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Sports Photography Settings (Camera Settings & Tips)

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Sports photography settings are all about capturing the action. But that isn’t always easy. Everything moves fast, and the athletes aren’t going to slow down so you can take a picture.

A lot of the skill comes from knowing the sport and clicking your shutter at the right moment. But your camera settings are just as important when photographing sports. You must know the exposure triangle (shutter speed, aperture, and ISO). And knowing about burst mode is important too.

Ground-level view of person kicking a football
© Md Mahdi (Unsplash.com)

Sports Photography Settings (Camera Settings & Tips)

Here are our tips for capturing super-sharp sports photos. After reading this article, you’ll never miss a goal, try, or home run!

1. Use a Fast Shutter Speed to Freeze the Action

A fast shutter speed is vital for sports photography. There’s always a risk of motion blur when you have fast-moving subjects. And if you’re photos are blurry, the viewers won’t be able to see the action.

Using a fast shutter speed reduces the risk of motion blur. You should think of 1/500 s as your minimum speed. You need to go to 1/1000 s or faster for cycling and motorsports. If your subjects move faster, you need a faster shutter speed.

Shutter priority mode is a good option for sports photography. It’s a semi-automatic mode that lets you control the shutter speed. Keep your shutter speed as fast as you need it to be while the camera takes care of the aperture and ISO.

If you get some test shots during the pre-game warmup, great! But remember, everyone moves at full pace when the whistle blows. You might need a faster shutter speed for the actual event.

Racing car going round a bend at dusk, shot with the adequate sports photography settings to capture without a blur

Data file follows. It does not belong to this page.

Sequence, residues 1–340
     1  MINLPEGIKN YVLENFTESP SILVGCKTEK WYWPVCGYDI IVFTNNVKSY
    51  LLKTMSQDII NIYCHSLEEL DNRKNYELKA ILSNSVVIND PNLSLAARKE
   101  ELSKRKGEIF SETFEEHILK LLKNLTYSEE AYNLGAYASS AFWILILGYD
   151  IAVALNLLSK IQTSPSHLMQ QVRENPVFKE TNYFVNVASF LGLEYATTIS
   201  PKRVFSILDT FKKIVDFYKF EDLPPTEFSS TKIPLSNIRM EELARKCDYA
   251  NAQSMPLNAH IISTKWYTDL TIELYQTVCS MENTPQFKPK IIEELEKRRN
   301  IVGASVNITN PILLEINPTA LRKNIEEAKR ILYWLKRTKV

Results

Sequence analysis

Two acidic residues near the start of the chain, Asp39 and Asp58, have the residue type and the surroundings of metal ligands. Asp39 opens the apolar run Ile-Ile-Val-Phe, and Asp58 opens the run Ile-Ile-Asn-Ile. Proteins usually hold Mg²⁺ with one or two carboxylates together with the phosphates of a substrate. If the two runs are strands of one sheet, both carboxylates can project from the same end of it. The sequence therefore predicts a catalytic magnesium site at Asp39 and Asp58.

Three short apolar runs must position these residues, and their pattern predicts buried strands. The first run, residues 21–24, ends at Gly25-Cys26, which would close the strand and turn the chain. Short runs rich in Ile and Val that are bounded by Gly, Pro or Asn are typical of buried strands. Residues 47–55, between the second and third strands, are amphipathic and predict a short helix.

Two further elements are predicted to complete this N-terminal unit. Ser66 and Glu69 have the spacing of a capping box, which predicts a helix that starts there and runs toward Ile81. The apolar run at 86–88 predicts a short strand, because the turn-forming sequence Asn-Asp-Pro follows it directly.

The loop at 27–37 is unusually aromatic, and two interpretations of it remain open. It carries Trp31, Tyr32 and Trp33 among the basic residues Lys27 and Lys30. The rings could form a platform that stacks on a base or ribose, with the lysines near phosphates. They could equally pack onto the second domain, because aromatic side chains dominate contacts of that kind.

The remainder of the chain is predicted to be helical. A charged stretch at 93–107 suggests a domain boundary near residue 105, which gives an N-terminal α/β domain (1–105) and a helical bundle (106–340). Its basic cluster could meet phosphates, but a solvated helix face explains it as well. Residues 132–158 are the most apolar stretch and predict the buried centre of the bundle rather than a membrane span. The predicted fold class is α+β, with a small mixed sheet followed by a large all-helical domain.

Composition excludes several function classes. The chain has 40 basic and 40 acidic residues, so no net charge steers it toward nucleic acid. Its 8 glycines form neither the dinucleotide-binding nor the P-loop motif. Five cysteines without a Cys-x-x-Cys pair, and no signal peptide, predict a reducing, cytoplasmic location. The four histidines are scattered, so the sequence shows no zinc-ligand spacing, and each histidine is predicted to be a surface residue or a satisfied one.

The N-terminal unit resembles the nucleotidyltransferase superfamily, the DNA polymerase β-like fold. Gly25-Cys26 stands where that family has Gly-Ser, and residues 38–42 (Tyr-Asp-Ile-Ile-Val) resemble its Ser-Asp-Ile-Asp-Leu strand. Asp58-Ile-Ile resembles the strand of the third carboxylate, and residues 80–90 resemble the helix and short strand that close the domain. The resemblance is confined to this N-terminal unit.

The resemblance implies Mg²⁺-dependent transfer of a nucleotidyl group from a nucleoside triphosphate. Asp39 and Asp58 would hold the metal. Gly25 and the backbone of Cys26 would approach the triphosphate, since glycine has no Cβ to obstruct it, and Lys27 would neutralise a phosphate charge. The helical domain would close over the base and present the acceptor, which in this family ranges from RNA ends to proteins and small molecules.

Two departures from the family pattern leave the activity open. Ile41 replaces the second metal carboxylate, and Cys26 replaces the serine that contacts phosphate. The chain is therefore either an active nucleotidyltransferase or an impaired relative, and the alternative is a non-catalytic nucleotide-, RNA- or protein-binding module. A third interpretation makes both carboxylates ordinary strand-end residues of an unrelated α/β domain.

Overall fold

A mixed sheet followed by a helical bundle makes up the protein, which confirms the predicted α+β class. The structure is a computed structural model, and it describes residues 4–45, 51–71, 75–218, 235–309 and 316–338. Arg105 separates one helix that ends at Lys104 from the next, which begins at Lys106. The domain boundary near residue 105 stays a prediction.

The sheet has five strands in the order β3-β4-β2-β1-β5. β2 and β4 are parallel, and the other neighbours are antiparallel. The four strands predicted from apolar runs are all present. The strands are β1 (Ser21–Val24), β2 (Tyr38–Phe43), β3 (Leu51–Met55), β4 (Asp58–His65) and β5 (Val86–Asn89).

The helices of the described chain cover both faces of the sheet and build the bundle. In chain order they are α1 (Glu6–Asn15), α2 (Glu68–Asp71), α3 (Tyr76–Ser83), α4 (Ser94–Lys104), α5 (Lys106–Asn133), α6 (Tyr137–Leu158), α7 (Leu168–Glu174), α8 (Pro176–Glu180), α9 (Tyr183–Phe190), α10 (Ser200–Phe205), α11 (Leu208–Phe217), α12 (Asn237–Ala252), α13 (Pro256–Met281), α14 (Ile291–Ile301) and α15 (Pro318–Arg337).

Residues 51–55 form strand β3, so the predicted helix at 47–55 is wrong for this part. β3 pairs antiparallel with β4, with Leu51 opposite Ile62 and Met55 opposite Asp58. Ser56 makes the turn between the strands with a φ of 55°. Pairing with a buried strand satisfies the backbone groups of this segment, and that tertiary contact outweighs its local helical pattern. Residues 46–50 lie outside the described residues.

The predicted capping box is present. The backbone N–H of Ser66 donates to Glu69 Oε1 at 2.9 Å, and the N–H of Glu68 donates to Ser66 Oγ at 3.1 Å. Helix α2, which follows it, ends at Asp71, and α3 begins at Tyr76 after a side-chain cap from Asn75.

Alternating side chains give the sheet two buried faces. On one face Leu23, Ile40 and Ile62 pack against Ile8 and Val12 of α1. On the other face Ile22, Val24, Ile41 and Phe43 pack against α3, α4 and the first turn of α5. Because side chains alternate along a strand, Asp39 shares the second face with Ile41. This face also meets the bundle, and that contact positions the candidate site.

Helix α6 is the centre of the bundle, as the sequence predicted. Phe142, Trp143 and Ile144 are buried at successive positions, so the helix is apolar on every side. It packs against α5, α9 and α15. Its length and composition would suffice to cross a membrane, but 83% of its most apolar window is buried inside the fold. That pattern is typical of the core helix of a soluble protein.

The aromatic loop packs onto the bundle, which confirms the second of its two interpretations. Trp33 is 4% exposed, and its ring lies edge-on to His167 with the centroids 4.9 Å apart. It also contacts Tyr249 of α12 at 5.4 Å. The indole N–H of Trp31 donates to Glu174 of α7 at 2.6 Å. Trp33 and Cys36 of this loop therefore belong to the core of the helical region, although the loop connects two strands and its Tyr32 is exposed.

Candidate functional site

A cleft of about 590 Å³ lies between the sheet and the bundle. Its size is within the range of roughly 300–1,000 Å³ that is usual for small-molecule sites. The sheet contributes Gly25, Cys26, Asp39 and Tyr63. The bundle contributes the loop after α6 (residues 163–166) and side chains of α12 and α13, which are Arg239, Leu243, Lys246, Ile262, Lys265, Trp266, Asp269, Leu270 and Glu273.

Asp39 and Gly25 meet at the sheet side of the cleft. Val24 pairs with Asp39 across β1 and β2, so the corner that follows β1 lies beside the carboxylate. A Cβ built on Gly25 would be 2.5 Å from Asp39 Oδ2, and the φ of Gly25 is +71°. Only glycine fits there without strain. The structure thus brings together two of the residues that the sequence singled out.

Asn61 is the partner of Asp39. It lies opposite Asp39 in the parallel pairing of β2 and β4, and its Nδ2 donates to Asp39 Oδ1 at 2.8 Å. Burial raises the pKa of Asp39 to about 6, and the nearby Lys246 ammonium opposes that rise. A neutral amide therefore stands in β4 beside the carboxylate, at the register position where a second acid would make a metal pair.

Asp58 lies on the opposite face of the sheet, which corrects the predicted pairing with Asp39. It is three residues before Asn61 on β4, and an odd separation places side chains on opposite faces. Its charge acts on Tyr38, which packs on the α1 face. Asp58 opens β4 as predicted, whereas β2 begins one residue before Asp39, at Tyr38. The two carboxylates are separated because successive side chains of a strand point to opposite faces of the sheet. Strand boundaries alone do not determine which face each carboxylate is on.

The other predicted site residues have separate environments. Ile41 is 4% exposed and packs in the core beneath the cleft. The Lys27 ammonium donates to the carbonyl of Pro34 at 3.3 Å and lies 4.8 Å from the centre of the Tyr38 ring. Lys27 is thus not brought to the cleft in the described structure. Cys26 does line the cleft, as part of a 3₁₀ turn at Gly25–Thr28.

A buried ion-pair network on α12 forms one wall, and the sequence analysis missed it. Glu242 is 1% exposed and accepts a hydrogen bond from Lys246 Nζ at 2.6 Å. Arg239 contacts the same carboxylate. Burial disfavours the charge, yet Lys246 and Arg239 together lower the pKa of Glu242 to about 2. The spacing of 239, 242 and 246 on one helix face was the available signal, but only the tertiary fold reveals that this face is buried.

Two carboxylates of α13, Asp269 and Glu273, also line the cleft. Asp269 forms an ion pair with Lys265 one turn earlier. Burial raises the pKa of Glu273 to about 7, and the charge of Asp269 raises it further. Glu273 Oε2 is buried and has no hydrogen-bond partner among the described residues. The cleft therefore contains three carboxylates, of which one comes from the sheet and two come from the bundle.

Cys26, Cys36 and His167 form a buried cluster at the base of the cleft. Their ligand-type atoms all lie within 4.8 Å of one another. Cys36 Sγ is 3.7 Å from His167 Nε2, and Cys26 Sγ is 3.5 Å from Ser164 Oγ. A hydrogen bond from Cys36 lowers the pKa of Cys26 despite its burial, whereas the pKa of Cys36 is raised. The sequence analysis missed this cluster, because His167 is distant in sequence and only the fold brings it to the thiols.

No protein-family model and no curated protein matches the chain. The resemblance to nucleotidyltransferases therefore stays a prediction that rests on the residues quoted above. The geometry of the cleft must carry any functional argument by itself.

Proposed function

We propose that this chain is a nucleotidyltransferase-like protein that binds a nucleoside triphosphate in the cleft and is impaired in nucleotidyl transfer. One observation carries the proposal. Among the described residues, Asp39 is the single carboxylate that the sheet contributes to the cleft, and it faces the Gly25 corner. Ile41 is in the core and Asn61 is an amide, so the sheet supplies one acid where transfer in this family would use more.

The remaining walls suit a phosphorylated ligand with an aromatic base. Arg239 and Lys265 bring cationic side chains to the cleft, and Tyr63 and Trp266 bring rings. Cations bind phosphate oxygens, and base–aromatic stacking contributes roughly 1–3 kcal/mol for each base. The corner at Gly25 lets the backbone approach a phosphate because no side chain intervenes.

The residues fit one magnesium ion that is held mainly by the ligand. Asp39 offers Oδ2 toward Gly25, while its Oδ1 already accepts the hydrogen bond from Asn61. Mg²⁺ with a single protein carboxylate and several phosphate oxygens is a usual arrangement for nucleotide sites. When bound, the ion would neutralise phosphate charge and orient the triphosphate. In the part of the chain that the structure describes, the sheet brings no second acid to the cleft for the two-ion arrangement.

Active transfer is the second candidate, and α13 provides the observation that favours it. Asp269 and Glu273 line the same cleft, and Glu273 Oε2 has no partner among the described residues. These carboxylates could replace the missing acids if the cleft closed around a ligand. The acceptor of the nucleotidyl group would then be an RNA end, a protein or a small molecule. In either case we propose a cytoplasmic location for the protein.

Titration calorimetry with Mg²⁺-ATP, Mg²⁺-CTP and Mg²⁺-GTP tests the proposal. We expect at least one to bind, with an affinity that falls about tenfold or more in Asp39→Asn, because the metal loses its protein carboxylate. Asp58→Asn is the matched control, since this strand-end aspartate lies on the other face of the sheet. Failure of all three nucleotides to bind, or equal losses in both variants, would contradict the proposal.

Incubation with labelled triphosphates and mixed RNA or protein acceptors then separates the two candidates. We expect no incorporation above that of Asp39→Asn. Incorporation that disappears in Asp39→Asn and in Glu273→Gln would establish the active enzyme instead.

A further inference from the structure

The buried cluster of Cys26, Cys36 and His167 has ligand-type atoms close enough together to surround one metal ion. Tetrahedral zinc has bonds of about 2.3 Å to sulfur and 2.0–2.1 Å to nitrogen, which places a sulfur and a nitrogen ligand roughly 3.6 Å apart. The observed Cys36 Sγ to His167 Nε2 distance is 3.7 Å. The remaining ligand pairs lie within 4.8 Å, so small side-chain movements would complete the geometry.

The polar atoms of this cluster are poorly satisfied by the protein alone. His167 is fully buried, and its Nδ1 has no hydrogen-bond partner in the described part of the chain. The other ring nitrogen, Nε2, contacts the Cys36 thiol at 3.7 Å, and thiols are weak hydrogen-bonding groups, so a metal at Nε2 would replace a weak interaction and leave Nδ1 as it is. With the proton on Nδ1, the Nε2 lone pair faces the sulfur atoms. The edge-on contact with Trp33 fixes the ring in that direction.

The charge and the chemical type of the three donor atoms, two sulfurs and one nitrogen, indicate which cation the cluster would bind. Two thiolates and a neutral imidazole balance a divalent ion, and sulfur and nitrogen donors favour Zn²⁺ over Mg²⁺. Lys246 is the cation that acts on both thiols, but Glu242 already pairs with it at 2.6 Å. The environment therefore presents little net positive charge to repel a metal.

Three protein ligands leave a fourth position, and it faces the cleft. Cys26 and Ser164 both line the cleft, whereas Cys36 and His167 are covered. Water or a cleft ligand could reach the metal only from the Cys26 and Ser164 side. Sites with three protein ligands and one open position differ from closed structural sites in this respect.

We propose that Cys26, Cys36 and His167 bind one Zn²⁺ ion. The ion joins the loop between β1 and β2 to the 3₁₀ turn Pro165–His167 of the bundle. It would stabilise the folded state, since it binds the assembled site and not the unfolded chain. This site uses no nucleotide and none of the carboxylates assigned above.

© Toine G (Unsplash.com)

2. Choose a Wide Aperture for a Bokeh Effect

The bokeh effect is the blurred quality in the background or foreground of some photos. It’s the result of a shallow depth of field. And to get a shallow depth of field in your photos, you need to use a wide aperture.

Apertures can be confusing at first. F-stop numbers represent them. The wider the aperture, the smaller the f-number. So f/2.8 is a wider aperture than f/16.

A wide aperture like f/2.8 or f/1.4 gives you a shallow depth of field. And this gives your photos that soft blur in the background. And as long as your focus is correct, your subject still looks sharp.

Using a wide aperture also allows you to use a fast shutter speed. A wide aperture lets more light through. So you can capture the perfect exposure when you use a fast shutter. But I wouldn’t use aperture priority mode. It’s best if you use a fast shutter speed.

Many sports photographers like to use a telephoto lens. They’re great for getting close to the action. But telephoto lenses have smaller aperture ranges than a standard zoom lens.

The max aperture of a telephoto might be f/5.6 instead of f/1.4. But the magnification effect of a telephoto lens means you can still achieve a bokeh effect.

Two young boxers slugging it out in the ring
© Hermes Rivera (Unsplash.com)

3. Increase Your ISO Settings for More Light

There’s nothing more pleasant than shooting a cricket match on a summer day. But you’re never guaranteed sunshine. And sports events aren’t always outside or during the day. You must deal with dark conditions during those night shoots or indoor events.

So what’s the best way to get the most out of your camera when shooting sports in difficult conditions? Increase your ISO settings. When conditions are dark, you need as much light as possible.

You’ll probably use a wider aperture, giving you more light. But the ISO also needs to increase when you need fast shutter speeds.

The higher you go with ISO, the higher the risk of digital noise. But even with beginner DSLR cameras, you can push the ISO to 1600. This helps maintain excellent image quality. You can go even higher if you use a more advanced camera and still capture fantastic sports photos.

Footballer on the pitch while sprinkler is sprinkling
© Maxim Hopman (Unsplash.com)

4. Use Autofocus for More Creative Freedom

A good autofocus system is a great feature for sports photographers. You must consider the aperture, shutter speed, and ISO while keeping your eye on the game. With manual focusing on top of that, your head will spin.